Leaders doing their worst – Napoléon

Two hundred and eight years ago today – on 26 October 1812 – Napoléon fell-into what is probably the worst decision he dreamed-up in his ill-fated Russian invasion (and for that honour there were many competing candidates in his grotesquely failing campaign.)

Fearing for his life, after a sudden skirmish with a band of Cossacks the day before, the once admired man of military action, the martial move-maker par excellence, under a cloak of pragmatism made what can only be described as a decision bordering on cowardice.

Ordering his retreating troops to about face and march north and west along the Old Smolensk road, Napoléon broke with his own much-vaunted tradition of fortune favours the brave in war, condemning most (almost-all) of his remaining men to die cruel deaths in the bitterest cold of a freezing Russian Steppe during several weeks of madness, in probably the most calamitous retreat ever-recorded in history.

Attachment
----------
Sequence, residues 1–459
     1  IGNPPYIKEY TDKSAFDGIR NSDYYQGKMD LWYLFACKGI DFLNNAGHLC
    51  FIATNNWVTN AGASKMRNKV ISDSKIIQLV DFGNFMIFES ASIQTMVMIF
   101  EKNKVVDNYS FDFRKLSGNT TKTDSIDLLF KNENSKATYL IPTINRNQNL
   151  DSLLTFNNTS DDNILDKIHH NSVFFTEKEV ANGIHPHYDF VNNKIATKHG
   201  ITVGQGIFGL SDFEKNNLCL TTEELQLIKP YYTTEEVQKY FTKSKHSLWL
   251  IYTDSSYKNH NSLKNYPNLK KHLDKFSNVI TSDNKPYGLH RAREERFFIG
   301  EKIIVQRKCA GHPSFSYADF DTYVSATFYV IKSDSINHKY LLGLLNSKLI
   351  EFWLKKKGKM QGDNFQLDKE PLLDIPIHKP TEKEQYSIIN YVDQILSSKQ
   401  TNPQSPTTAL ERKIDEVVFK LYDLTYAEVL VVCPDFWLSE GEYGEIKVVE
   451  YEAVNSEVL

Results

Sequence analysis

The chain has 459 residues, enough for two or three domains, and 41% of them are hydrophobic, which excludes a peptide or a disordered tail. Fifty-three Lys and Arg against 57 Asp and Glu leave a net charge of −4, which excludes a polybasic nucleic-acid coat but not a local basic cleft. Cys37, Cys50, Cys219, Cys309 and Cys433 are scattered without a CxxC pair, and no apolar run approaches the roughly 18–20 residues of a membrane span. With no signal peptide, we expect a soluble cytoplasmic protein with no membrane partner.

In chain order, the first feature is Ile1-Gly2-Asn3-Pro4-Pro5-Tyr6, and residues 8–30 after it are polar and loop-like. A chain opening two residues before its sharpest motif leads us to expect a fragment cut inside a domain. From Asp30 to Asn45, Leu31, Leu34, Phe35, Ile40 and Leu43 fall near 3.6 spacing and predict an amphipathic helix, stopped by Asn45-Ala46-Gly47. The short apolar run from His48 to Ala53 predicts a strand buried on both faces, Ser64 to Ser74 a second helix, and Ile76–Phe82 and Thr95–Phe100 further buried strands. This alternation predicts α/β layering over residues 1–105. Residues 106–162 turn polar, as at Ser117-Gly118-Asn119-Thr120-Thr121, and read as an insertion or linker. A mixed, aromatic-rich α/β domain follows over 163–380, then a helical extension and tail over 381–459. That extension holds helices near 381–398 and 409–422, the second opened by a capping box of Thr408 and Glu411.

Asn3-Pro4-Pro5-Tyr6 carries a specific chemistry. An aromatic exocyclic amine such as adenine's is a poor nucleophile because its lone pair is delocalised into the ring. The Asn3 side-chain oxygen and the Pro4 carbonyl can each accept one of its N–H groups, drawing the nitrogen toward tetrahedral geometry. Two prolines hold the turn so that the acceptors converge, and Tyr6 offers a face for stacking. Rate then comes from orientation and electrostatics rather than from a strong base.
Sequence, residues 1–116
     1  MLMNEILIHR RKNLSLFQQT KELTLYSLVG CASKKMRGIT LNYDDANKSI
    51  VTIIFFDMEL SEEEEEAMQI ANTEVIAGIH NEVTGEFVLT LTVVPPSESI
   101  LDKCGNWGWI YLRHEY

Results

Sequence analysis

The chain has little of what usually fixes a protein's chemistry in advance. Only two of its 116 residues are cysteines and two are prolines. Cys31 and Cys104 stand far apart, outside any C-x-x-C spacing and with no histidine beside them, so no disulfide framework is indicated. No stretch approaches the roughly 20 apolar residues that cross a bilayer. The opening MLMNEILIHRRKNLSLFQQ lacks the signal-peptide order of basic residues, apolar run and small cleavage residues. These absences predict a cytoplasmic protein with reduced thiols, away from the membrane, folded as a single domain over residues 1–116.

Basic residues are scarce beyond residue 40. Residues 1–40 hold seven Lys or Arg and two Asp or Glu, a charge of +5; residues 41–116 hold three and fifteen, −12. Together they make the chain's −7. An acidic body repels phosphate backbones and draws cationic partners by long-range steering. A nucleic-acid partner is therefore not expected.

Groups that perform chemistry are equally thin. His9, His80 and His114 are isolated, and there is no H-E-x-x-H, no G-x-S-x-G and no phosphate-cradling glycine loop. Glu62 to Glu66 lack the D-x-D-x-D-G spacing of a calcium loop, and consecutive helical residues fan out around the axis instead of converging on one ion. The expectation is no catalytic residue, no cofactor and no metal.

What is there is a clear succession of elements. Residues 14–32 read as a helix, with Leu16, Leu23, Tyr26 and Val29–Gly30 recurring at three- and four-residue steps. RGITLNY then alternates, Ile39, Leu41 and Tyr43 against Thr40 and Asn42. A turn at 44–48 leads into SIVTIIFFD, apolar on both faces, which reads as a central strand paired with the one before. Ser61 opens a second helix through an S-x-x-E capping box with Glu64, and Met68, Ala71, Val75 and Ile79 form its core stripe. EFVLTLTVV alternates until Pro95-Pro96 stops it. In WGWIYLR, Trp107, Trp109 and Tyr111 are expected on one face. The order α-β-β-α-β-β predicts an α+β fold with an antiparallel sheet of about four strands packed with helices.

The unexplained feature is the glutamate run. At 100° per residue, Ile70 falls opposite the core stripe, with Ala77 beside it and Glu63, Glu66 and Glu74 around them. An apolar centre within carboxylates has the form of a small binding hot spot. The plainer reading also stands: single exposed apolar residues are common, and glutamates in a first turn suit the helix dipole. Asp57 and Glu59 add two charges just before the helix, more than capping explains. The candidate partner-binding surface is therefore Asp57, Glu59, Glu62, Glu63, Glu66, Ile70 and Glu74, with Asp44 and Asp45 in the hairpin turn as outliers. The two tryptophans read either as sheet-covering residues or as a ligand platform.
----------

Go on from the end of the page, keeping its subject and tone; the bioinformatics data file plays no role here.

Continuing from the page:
Stay tuned for more Napoléonic numb-skullery

‘The Great Dictator’ dialog resonating in 2020

“Let us fight to free the world to do away with greed, with hate and intolerance. Let us fight for a world of reason, a world where science and progress will lead to all people’s happiness.”

“The hate of men will pass, and dictators die, and the power they took from the people will return to the people… liberty will never perish.”